The current political situation in the UK means there is going to be a lot of chat and analysis over the next few weeks on what makes a good leader. From all the research I did for The 10 Pillars of Success here is why I think good leadership needs to be based around Autonomy.
We all want to have choices and to feel that our voice is heard. When we do, our motivation and wellbeing increase and our performance improves. Autonomy fulfils an innate need to feel that we are acting of our own volition so we can accept the consequences of our actions.
There are three different aspects to autonomy:
1. The belief that we are in control of our actions.
2. Freedom from being pressured by others to do things.
3. The flexibility to make choices.
In work, higher levels of autonomy tend to result in increased job satisfaction because we feel more responsible for the quality of our work. And with job satisfaction, we are more likely to be loyal to our employers and less likely to want to move elsewhere.
Leaders who create autonomy-supportive environments offer as much choice as possible, provide explanations, ask after others, encourage problem-solving, have wide decision-making, give opportunities for taking the initiative, provide constructive feedback and refrain from taking control, criticizing or punishing.
Autonomy-supportive leadership though is more than just giving people a choice and a voice – it is about offering authentic leadership which involves being a role model for behaviour, helping others generate confidence, offering feedback, giving social support, treating people as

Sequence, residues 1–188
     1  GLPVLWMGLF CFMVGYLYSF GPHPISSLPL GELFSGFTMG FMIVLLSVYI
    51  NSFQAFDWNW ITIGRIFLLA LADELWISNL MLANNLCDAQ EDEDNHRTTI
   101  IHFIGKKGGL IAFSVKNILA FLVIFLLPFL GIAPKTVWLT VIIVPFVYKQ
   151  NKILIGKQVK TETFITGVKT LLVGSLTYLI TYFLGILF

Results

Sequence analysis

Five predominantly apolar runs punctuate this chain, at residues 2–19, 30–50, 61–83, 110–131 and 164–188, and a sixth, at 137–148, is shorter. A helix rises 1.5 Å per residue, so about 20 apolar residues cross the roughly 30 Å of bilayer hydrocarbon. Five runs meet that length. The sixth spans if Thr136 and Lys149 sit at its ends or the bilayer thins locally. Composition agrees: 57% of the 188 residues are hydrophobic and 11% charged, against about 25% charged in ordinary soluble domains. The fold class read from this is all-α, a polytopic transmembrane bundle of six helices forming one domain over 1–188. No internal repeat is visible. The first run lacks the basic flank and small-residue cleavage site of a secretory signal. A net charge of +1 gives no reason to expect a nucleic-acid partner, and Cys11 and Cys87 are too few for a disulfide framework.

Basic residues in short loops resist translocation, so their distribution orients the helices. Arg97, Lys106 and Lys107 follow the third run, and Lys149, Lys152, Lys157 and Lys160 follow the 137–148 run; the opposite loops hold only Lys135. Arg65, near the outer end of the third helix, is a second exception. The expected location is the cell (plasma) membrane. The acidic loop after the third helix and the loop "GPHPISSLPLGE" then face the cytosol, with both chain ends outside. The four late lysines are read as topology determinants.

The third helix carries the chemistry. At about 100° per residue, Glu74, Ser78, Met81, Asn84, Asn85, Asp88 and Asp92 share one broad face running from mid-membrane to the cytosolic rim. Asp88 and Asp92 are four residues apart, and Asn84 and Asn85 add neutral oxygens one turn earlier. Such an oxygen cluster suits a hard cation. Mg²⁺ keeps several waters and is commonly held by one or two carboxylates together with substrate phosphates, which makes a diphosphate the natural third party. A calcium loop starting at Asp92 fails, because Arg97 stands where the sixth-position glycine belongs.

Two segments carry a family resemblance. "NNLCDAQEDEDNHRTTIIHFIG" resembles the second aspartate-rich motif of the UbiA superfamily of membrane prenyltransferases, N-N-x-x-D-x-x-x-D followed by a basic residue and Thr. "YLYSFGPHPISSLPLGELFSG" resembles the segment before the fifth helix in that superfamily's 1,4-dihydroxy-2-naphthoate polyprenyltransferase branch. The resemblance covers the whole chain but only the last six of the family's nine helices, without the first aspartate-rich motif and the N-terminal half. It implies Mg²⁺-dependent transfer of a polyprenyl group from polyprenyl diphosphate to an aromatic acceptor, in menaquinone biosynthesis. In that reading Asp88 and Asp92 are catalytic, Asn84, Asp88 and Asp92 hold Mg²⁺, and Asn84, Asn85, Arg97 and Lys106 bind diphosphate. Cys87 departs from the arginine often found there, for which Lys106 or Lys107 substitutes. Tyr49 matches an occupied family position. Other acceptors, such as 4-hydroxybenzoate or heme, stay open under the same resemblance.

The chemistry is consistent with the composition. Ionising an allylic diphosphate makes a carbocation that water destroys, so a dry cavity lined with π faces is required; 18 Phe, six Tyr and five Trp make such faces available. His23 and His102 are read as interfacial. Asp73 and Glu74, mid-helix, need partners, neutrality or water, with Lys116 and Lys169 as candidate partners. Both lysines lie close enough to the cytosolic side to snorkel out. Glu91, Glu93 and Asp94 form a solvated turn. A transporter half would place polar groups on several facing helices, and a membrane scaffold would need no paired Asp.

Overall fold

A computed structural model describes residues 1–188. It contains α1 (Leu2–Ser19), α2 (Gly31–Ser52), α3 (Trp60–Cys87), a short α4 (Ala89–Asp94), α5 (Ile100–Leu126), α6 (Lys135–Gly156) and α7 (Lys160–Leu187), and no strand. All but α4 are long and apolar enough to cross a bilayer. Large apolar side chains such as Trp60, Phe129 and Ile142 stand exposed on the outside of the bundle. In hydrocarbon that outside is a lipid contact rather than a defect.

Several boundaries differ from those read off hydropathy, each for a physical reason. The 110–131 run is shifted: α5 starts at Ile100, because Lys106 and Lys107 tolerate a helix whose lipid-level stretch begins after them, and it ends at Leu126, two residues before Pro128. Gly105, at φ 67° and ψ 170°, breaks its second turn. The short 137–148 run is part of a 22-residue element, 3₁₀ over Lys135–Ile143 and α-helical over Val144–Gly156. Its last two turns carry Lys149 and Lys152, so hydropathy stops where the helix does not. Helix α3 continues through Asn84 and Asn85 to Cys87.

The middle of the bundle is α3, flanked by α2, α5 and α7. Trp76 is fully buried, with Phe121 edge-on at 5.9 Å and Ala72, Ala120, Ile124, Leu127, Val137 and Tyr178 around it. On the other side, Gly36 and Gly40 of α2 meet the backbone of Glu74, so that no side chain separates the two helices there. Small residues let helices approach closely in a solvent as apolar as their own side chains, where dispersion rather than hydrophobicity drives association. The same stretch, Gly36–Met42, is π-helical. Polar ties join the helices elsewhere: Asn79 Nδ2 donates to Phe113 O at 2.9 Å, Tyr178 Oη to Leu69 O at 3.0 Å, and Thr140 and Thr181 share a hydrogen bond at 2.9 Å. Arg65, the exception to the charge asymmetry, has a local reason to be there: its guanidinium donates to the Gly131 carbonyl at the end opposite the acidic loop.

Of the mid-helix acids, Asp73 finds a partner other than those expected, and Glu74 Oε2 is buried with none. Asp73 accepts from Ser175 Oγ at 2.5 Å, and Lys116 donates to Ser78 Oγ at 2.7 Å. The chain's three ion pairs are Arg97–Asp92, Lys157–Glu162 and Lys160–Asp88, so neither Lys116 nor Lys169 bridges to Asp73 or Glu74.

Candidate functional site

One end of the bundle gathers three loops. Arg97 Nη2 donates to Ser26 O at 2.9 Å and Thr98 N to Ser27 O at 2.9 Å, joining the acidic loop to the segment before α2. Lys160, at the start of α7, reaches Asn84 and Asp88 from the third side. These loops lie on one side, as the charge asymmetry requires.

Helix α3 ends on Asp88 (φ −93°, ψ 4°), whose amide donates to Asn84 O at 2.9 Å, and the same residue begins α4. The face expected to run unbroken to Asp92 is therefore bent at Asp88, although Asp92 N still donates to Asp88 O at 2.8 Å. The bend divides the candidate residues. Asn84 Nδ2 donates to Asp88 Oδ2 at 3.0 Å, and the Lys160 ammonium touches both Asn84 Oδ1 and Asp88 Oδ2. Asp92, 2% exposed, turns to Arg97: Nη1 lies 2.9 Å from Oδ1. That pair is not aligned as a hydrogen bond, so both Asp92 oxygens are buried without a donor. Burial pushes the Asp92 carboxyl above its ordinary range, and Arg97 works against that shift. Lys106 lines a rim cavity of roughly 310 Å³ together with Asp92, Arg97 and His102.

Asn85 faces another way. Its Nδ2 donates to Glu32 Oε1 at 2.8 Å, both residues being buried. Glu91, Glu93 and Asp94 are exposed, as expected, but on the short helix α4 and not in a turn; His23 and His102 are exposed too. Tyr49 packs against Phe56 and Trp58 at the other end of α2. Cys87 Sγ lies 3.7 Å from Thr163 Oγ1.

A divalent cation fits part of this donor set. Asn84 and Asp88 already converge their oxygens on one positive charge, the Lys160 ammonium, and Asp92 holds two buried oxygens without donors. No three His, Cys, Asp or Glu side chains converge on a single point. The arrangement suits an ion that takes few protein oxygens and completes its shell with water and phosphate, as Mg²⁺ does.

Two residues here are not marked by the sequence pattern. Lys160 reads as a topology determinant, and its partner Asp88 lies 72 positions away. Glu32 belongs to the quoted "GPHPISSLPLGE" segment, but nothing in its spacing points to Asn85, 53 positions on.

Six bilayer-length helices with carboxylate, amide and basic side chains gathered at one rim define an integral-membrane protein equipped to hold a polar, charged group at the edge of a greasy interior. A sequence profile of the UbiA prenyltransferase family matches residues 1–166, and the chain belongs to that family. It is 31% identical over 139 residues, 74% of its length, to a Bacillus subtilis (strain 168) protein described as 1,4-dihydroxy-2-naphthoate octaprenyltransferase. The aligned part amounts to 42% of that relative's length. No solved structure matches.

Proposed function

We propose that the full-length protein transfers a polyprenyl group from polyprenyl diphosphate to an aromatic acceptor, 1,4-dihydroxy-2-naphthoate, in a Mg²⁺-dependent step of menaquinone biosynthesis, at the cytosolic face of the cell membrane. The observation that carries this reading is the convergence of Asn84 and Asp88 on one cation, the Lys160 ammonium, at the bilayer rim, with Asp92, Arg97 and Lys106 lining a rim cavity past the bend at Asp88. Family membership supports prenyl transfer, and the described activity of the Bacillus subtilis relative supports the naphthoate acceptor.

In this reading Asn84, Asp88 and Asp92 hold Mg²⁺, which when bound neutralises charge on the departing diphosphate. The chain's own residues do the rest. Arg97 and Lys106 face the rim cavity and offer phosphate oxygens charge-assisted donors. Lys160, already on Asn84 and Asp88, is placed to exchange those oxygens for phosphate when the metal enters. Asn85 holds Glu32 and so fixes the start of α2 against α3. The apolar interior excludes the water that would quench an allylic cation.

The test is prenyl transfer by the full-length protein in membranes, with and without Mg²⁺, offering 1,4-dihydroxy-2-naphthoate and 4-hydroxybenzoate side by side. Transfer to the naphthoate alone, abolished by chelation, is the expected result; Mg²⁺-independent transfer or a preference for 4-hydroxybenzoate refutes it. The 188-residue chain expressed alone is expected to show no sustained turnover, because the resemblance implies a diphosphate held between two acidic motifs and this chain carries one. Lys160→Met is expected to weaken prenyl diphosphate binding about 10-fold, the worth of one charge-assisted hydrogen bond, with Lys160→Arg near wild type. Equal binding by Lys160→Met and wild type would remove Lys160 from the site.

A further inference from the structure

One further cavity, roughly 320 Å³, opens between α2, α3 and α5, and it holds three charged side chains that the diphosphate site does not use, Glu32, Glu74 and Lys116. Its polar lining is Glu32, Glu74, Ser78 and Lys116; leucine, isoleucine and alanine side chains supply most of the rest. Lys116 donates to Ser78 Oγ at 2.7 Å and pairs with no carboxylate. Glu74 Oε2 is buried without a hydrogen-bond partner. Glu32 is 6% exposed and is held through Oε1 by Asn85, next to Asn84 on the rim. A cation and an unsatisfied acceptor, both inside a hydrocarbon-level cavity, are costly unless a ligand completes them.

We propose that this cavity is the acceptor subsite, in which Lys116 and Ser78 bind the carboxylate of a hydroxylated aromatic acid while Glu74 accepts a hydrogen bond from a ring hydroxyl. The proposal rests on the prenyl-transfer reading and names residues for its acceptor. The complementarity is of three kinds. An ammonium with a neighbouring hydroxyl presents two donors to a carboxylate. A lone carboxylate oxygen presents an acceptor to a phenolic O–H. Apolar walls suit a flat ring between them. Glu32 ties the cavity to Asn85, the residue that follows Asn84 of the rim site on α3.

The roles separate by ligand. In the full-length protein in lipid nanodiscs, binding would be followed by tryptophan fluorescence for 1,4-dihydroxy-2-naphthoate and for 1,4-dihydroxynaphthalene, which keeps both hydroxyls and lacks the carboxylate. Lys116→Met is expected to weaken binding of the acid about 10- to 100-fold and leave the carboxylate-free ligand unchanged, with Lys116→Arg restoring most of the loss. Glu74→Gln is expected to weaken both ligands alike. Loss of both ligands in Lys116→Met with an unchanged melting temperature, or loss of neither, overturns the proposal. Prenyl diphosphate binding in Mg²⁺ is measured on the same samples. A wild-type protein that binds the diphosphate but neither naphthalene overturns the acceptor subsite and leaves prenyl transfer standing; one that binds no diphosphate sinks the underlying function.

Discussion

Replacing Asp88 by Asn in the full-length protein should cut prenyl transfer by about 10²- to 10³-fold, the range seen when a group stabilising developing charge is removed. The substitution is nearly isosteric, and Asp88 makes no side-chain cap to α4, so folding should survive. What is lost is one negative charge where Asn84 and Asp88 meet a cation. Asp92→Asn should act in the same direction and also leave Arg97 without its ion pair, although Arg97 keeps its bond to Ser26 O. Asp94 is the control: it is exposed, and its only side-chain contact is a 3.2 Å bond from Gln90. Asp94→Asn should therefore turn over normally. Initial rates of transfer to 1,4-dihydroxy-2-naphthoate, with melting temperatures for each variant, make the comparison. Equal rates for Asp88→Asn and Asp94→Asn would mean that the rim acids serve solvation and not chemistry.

individuals and sharing relevant knowledge.
Authentic leaders have high self-awareness and are able to see their own and others’ moral perspectives so when they process information it takes in a wide range of views so, instead of feeling coerced, everyone feels they are working towards achieving a shared purpose.
Leaders still lead – they can set strategies and boundaries but do so alongside clear reasoning. With this clear purpose it is more easily accepted and, as a result, more likely to happen
1. Give reasons for change
2. Consider the person’s perspective
3. Offer choices for resolution
4. Avoid using controlling or judgemental language
5. Focus on behaviours rather than performance.
We have seen studies highlighting how well this works. A great study from 2012 Paralympic Games saw some Korean national team coaches asked to create an autonomy-supportive environment. Their athletes not only reported feeling better connected to their coaches and teammates but won significantly more medals.
So how to be a great leader…
- Show appreciation
- Delegate not just work but the potential outcomes by offering full ownership of areas
- Set clear explanations
- Start from a place of trust (don’t make people earn it)
- Always model best practice.